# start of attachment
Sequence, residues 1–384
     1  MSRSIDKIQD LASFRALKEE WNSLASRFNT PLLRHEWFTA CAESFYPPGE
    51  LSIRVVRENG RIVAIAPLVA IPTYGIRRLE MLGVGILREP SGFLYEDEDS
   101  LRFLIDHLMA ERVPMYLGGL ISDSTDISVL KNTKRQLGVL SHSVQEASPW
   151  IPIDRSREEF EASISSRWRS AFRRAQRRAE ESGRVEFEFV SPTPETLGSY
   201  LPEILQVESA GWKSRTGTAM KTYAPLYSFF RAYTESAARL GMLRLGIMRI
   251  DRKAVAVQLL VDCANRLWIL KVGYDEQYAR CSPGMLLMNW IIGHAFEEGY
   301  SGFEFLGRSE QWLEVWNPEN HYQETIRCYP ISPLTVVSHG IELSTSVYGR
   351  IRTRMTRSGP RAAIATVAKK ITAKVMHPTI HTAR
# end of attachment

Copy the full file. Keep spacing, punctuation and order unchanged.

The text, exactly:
Sequence, residues 1–384
     1  MSRSIDKIQD LASFRALKEE WNSLASRFNT PLLRHEWFTA CAESFYPPGE
    51  LSIRVVRENG RIVAIAPLVA IPTYGIRRLE MLGVGILREP SGFLYEDEDS
   101  LRFLIDHLMA ERVPMYLGGL ISDSTDISVL KNTKRQLGVL SHSVQEASPW
   151  IPIDRSREEF EASISSRWRS AFRRAQRRAE ESGRVEFEFV SPTPETLGSY
   201  LPEILQVESA GWKSRTGTAM KTYAPLYSFF RAYTESAARL GMLRLGIMRI
   251  DRKAVAVQLL VDCANRLWIL KVGYDEQYAR CSPGMLLMNW IIGHAFEEGY
   301  SGFEFLGRSE QWLEVWNPEN HYQETIRCYP ISPLTVVSHG IELSTSVYGR
   351  IRTRMTRSGP RAAIATVAKK ITAKVMHPTI HTAR